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Boards, wetsuits, fins,
plus more riverboarding gear

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Win a RipBoard Racer at
American River Fest Sept 9-11

Articles & Links

Magazine stories and riverboarding links
 

Extreme Sport Videos!

Instructional & Action videos available.
 
Plastic molded board roughly 2' x 3' weighing 20 lbs. The ripboard model pictured here has easy grip handles which protect the arms and a padded chest cavity.

Frequently Asked Riverboarding Questions

 

Frequently asked questionsWhat is riverboarding?

Awesome way to float rivers lying flat on your stomach on a riverboard and fins on your feet. It's similar to bodyboarding or riding a boogie board except you have a handlebar to hold onto and the board is shaped to protect your upper body down to your hips.

Frequently asked questionsWhat's a riverboard?

High performance plastic board suitable for river rapids and ocean waves. The board is roughly 2' wide and 3' long, weighing approx 20 lbs. The ripboard style riverboards have easy grip handles which protect the arms and a padded chest cavity. Its ultra-buoyant design is capable of handling Class V rapids. For ordering and purchase information visit the RipBoard's riverboarding store

Frequently asked questionsHow about my knees - hitting rocks?

No worries, the board is the lowest point in the water and covers your hips. This enables one to pivot and lift your legs up as needed. In shallow water, a padded wet suit, knee pads or shin guards are helpful as the kicking motion exposes your legs. With a little practice you can avoid most obstacles by steering, timing your kick motion and lifting up your legs when floating over rocks or other obstacles.

Frequently asked questionsWhat else?

Other recommended gear include helmet, pfd, wetsuit and booties. Whitewater expeirence is extremely helpful and learning from an experienced rider is recommended. For information on fellow riders, gear, demo events visit community.

Frequently asked questionsWhere to start riverboarding?

A whitewater park or Class II section of water is a good place to start learning. The riverboarding learning curve is much easier than kayaking. Most novice river boarders are able to ride Class III rapids within a few outings where a novice kayaker may take a season or more. For those with whitewater experience and the ability to read rapids, riverboarding is more or less getting used to steering the board by kicking with fins. Click here for information on riverboarding lessons and whitewater parks.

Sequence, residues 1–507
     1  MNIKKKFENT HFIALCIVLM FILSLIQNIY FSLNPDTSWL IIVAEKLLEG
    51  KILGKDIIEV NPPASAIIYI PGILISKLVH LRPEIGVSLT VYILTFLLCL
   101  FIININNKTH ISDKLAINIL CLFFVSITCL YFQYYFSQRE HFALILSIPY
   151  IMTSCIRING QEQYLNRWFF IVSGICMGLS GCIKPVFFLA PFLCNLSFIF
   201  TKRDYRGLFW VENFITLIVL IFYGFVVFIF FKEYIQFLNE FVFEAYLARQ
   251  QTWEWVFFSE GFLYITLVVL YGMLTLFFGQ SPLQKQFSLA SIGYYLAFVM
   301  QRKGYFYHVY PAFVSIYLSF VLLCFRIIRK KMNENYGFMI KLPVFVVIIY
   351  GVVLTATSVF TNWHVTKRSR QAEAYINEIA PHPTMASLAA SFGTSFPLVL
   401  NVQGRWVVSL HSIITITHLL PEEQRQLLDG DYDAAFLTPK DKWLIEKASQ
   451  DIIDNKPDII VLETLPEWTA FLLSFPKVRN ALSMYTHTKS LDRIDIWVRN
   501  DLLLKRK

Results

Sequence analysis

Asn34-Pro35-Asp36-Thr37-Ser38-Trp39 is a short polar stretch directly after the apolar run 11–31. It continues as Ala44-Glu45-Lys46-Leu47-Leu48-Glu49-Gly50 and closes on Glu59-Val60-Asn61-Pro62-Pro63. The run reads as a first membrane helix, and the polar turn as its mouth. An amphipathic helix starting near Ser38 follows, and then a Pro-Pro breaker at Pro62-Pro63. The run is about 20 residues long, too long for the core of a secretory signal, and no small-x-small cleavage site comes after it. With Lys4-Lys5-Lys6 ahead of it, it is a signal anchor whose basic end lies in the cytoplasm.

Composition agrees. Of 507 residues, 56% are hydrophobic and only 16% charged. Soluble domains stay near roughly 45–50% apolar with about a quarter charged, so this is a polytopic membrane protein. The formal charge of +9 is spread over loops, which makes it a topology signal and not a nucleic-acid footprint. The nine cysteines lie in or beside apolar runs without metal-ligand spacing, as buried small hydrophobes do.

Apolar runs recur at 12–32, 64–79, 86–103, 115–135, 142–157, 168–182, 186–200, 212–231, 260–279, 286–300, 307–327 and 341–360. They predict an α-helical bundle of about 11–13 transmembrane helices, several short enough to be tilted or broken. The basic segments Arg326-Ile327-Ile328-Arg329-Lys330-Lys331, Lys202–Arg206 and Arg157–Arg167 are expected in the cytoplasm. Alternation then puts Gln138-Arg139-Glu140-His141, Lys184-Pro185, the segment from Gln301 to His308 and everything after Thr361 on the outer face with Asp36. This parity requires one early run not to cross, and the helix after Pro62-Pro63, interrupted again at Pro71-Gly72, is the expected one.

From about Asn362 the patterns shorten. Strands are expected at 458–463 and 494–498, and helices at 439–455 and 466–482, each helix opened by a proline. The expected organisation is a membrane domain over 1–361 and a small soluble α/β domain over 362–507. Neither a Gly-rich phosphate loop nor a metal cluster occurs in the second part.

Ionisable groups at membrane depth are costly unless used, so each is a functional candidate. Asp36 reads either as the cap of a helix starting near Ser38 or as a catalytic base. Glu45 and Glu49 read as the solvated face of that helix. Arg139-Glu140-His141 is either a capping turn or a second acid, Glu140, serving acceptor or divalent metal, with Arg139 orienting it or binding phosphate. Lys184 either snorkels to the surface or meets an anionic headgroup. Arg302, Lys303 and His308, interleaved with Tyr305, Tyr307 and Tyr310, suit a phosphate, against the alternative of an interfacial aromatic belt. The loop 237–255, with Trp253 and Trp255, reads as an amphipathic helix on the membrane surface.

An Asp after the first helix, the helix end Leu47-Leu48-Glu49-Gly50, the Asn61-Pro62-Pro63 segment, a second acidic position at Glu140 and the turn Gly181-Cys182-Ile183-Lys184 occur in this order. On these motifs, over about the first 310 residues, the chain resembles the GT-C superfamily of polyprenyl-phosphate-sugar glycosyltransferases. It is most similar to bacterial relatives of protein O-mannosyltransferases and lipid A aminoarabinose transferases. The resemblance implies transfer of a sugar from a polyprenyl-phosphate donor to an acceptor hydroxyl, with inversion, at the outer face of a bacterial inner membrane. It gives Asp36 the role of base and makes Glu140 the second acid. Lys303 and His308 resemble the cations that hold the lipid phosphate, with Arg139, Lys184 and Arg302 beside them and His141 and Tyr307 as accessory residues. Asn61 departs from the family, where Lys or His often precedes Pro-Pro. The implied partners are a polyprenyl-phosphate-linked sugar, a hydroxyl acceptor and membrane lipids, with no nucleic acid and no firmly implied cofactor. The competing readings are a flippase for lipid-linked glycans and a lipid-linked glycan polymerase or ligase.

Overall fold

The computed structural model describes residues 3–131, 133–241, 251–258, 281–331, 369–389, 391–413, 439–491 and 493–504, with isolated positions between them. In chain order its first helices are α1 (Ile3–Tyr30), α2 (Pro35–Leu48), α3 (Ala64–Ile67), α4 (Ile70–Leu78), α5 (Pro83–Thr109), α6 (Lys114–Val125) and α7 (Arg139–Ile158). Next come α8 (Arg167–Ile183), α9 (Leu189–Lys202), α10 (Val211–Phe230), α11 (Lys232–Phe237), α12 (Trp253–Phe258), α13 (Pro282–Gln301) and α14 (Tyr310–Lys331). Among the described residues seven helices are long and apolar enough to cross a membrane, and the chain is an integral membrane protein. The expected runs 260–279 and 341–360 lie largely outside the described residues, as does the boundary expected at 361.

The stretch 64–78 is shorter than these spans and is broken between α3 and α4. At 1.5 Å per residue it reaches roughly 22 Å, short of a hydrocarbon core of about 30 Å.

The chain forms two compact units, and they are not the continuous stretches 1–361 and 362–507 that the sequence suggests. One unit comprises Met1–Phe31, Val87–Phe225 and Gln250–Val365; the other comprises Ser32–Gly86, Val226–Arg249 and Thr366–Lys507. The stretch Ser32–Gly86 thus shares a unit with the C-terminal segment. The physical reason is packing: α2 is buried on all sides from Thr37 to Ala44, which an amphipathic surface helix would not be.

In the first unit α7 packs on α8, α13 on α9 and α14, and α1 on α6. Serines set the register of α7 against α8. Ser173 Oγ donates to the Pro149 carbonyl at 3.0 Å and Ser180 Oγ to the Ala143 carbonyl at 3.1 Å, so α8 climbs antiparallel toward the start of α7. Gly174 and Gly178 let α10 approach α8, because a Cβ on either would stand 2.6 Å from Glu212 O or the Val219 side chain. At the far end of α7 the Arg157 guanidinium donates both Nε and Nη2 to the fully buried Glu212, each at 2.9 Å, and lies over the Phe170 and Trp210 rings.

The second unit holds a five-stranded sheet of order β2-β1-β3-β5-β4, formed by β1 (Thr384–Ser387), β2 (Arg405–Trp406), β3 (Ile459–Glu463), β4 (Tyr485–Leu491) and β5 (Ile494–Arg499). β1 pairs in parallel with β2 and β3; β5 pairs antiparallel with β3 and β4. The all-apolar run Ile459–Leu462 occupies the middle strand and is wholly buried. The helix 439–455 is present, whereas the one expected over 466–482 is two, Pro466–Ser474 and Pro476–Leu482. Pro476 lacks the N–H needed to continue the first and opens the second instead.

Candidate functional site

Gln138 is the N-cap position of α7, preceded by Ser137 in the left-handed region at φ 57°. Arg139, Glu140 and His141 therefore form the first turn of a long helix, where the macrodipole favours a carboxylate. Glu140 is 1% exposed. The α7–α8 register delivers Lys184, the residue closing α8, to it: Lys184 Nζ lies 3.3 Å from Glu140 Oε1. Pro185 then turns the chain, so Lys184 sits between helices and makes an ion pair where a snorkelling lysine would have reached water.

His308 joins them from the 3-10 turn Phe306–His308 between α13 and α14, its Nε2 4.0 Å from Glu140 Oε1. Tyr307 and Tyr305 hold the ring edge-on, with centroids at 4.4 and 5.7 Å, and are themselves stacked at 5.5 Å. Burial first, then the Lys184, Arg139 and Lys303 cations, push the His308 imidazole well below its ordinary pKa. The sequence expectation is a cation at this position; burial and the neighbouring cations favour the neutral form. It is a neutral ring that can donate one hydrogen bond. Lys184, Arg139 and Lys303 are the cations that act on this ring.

Frequently asked questionsHow do I steer a river board?

Using fins you steer the board with different kicks. A freestyle or flutter kick propels the board forward as does a dolphin or butterly kick. Leaning the board to one side does not turn the board, rather try and keep the board flat. A one-legged breastroke or frog kick will turn the board. By flexing your ankle and pointing your toes, you generate maximum power with each kick. For more information see RipBoard's instructional video

Frequently asked questionsWhere to buy?

Visit our Company Store or call toll free 866.311.2627. For the nearest retail location, see our Dealer List . If your local sporting goods store doesn't carry RipBoard riverboards - tell 'em they should and let us know.

Frequently asked questionsHow did Riverboards start?

They originated 20 years ago when a couple of Frenchmen decided to brave rapids, riding on a pile of life jackets. Over the years, several designs resembling a 'beefed-up" boogie board evolved. In Europe riverboards are called hydrospeeds and in New Zealand sledges -go figure. Here at RipBoard Inc. we call 'em riverboards.

 
 
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